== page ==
In 229, when Sun Quan proclaimed himself emperor, Sun Shao was given the title "General who Fortifies the North" (鎮北將軍). Sometime after 230, he was granted the empty Governorship of You Province.[8] You Province comprises present-day Beijing, Tianjin, parts of northeast Hebei and western Liaoning. Far from Wu's northern frontier, the area never fell under their control; granting the title was merely a political statement of Sun Quan's assumed imperial power. In 234, during the fourth battle of Hefei, Sun Shao and another general, Zhang Cheng, were tasked with leading a Wu army to attack Guangling and Huaiyin (淮陰). The episode ended in failure for Wu when Sun Quan's siege of Hefei was broken.[9]

Sun Shao died of natural causes in 241.


Sun Shao's son Sun Kai served as Militant General-in-Chief for Eastern Wu, one of the highest military appointments in the palace, sharing with two others the command of the imperial guard.[10] He also served as Junior Overseer of the Capital and was appointed Marquess of Lincheng, in modern-day Xingtai, Hebei. In 276 Sun Kai was given the position of Cavalry General Garrisoning the Palace, but when bandits sneak-attacked the capital and killed emperor Sun Hao's younger brother Sun Qian (孫謙), Sun Kai came under heavy suspicion from Sun Hao of collaborating with the bandits. Terrified, he took his household and a hundred or so of his personal guard and defected to Jin. Emperor Wu of Jin appointed him Chariot and Horse General, a position similar to his appointment in Eastern Wu: one of three generals sharing command of the imperial guard.[11][12] Sun Kai was additionally enfeoffed as Marquess of Danyang, a position which began to pay benefits following the conquest of Wu by Jin in 280.[13]

Appointments and titles held[edit]

  • Deputy General (偏將軍)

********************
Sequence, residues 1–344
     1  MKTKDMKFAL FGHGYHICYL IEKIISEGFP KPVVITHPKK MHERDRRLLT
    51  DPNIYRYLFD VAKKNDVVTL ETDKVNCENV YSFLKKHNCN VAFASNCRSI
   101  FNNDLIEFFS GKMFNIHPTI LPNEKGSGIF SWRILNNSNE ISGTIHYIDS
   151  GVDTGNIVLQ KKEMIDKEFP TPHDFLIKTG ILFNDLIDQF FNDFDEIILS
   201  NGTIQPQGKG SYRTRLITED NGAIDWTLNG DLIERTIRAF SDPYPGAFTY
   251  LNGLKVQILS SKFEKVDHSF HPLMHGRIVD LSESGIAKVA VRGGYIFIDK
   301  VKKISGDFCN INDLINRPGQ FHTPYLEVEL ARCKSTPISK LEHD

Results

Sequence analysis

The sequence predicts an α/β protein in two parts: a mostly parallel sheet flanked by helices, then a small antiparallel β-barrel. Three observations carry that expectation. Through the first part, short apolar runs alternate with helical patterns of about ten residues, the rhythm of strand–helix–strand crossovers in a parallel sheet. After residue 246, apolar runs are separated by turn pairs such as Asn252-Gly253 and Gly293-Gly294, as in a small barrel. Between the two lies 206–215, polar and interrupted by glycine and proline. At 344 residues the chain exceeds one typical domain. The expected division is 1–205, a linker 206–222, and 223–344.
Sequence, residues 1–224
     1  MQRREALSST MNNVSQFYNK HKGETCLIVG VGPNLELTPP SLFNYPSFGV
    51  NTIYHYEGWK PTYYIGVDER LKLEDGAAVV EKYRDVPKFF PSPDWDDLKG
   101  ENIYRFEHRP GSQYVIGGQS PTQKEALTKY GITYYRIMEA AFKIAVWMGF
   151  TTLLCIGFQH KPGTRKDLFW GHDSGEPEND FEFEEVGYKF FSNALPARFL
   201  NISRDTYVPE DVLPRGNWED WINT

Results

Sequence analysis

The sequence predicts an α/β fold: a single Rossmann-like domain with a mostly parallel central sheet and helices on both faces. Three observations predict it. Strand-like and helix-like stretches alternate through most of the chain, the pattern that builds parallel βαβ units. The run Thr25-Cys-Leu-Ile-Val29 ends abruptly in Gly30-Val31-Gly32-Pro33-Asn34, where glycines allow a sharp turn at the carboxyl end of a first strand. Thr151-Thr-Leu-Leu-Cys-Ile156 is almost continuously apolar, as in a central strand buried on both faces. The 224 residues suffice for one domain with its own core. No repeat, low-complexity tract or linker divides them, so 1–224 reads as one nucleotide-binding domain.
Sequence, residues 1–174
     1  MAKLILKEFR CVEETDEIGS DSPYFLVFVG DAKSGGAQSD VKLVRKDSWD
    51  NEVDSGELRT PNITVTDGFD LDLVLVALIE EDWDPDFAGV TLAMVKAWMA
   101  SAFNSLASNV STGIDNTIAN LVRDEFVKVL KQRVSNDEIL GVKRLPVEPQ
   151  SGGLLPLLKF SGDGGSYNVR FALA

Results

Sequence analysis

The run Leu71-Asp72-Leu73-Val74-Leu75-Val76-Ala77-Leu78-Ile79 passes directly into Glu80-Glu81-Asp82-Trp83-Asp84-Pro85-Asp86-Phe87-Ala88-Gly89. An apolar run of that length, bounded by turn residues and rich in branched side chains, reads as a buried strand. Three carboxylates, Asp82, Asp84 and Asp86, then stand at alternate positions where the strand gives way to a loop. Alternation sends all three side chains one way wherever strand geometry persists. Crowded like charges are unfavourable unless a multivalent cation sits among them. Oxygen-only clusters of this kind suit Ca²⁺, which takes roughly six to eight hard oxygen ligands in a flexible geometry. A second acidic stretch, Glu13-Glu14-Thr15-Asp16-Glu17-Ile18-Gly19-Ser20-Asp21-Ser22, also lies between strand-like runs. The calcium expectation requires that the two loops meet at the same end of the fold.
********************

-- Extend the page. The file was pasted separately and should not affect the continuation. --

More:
• Grand Administrator of Guangling (廣陵太守)
  • General Who Raises Might (揚威將軍)
  • Marquess of Jiande (建德侯)
  • General Who Fortifies the North (鎮北將軍)
  • Governor of You Province (幽州牧)

See also[edit]


  1. ^ Biographical Dictionary of the Later Han to the Three Kingdoms, p. 775
  2. ^ Records of the Three Kingdoms, chapter 51, p. 1214
  3. ^ Records of the Three Kingdoms, chapter 51, pp. 1214–6
  4. ^ Records of the Three Kingdoms, chapter 51, p. 1216; Generals of the South, p. 231 (chapter 4)
  5. ^ Records of the Three Kingdoms, chapter 51, p. 1216
  6. ^ Records of the Three Kingdoms, chapter 2, p. 85; Zizhi Tongjian, chapter 70, p. 2225 (year 225, entry 9); Generals of the South, p. 384 (chapter 7)
  7. ^ Records of the Three Kingdoms, chapter 47, p. 1132 note 3
  8. ^ Records of the Three Kingdoms, chapter 51, p. 1216
  9. ^ Zizhi Tongjian, chapter 72, p. 2293 (year 234, entry 7)
  10. ^ Dictionary of Official Titles of Imperial China, p. 574, entry 7835
  11. ^ Dictionary of Official Titles of Imperial China, p. 120, entry 352
  12. ^ This is according to the main text of the Records of the Three Kingdoms. According to the Introduction to the Peers of Jin (晉諸公贊) by Fu Chang (傅暢) (d. 330), whence also Sun Kai's year of death, Sun Kai was appointed the position of General Who Crosses the Liao (River), a much more active and frontier-oriented generalship. See Records of the Three Kingdoms, chapter 51, p. 1216, note 1.
  13. ^ Records of the Three Kingdoms, chapter 51, p. 1216